BBFB - Board Member Ethics and Nepotism
In order to avoid both potential and actual conflicts of interests, Board members will abide by the following rules when a Board member’s relative or member of the household is seeking and/or holds a position with the district:
- A Board member may not appoint, employ, promote, discharge, fire, or demote or advocate for such an employment decision for a relative or a member of the household, unless the Board member complies with the conflict of interest requirements of Oregon Revised Statute (ORS) Chapter 244; This policy does not apply to decisions regarding unpaid volunteer positions unless it is a Board member position or another Board-related unpaid volunteer position (i.e., a Board committee position);
- A Board member may not participate as a public official in any interview, discussion, or debate regarding the appointment, employment, promotion, discharge, firing, or demotion of a relative or a member of the household. A Board member may still serve as a reference or provide a recommendation.
For the purposes of this policy, a “member of the household” means any person who resides with the Board member; and “relative” means: the spouse, parent, step-parent, child, sibling, step-sibling, son-in-law or daughter-in-law of the Board member; or the parent, step-parent, child, sibling, step-sibling, son-in-law or daughter-in-law of the spouse of the Board member. Relative also includes any individual for whom the Board member has a legal support obligation, whose employment provides benefits to the Board member, or who receives any benefit from the Board member’s public employment.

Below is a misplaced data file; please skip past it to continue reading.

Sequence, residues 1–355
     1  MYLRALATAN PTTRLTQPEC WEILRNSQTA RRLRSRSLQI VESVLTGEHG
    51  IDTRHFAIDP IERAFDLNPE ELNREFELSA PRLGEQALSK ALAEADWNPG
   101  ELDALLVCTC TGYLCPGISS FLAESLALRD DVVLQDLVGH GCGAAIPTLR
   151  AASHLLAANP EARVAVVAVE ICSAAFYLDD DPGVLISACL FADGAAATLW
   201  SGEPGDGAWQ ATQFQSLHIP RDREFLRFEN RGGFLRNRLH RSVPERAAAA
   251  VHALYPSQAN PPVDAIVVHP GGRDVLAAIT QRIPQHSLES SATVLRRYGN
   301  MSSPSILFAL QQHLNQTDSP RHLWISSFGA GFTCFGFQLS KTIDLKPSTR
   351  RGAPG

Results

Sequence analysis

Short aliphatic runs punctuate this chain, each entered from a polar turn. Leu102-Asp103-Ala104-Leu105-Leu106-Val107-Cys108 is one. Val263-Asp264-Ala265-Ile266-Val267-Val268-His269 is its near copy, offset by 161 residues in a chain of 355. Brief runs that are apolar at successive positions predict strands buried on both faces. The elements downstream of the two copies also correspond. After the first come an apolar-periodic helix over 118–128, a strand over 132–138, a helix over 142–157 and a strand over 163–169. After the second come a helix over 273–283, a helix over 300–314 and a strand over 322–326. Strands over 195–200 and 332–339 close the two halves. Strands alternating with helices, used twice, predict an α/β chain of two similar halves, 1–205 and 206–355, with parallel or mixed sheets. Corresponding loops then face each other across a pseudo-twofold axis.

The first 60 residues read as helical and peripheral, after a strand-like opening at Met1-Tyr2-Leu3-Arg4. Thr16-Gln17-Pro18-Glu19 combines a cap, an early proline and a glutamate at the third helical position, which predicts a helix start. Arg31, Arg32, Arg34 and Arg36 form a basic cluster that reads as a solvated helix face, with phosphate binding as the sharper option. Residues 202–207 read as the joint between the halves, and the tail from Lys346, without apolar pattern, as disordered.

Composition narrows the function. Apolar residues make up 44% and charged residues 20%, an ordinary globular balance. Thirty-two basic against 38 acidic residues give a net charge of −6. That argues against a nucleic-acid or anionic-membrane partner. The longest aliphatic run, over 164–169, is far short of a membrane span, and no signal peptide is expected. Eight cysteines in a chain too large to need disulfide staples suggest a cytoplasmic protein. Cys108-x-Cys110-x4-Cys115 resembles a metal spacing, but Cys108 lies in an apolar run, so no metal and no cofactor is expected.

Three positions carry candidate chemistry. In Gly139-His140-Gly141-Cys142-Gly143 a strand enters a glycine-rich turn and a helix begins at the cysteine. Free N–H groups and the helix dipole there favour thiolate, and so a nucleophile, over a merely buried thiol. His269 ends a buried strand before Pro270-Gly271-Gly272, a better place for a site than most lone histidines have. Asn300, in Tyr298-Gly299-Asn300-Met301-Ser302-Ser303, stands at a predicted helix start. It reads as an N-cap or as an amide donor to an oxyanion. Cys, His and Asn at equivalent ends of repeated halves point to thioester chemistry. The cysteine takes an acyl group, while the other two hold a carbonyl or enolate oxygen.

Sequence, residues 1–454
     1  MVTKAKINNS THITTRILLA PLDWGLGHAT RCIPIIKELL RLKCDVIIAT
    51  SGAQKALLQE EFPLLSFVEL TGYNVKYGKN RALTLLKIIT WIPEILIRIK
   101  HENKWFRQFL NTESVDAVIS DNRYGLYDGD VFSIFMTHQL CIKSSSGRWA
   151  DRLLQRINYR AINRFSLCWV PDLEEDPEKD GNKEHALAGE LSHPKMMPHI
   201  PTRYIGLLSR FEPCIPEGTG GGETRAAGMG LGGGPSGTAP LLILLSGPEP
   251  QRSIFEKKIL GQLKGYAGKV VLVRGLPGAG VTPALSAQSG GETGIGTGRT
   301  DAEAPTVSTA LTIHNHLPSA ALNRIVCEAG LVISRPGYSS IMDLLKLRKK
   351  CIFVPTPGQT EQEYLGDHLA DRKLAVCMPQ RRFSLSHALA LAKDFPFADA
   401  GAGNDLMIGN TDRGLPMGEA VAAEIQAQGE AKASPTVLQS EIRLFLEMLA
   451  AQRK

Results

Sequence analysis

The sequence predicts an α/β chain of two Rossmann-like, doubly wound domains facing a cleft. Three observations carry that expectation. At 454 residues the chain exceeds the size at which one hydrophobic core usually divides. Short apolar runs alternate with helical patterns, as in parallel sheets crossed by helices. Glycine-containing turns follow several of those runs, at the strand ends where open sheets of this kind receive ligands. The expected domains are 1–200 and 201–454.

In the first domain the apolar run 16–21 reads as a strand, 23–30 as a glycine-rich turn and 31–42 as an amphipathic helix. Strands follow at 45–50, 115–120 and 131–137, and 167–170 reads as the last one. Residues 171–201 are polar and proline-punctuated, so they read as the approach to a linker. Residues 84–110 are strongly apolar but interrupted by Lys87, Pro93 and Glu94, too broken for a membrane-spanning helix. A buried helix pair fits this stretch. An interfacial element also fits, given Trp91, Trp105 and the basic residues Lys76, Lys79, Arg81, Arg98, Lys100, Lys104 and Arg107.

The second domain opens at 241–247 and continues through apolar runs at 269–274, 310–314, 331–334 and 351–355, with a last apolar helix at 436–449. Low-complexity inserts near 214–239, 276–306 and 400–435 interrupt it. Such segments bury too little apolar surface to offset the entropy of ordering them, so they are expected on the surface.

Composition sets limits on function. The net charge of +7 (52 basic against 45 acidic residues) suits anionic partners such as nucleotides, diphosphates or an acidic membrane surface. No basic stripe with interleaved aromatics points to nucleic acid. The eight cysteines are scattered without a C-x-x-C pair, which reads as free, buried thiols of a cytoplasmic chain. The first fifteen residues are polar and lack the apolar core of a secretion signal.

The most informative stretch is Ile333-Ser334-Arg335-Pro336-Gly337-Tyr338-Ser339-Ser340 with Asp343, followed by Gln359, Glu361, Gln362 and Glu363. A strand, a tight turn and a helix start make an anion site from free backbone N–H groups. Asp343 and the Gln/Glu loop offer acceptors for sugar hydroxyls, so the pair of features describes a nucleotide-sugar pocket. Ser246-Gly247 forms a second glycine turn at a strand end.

It will not be a conflict of interest if the Board member’s action would affect to the same degree a class including the Board member’s relative or household member. For example, if a Board member’s spouse is a member of the collective bargaining unit, the Board member may vote to approve the contract, as it will affect all members of that class to the same degree. However, if the collective bargaining unit is very
small, the class exception may not apply. Similarly, if the contract contains special provisions that might apply only to particular persons, then the class exception may not apply. For example, if a Board member’s spouse is the only one in the bargaining unit that has a doctorate and there is a pay differential for employees with doctorates in the collective bargaining agreement, the Board member should not vote on the contract.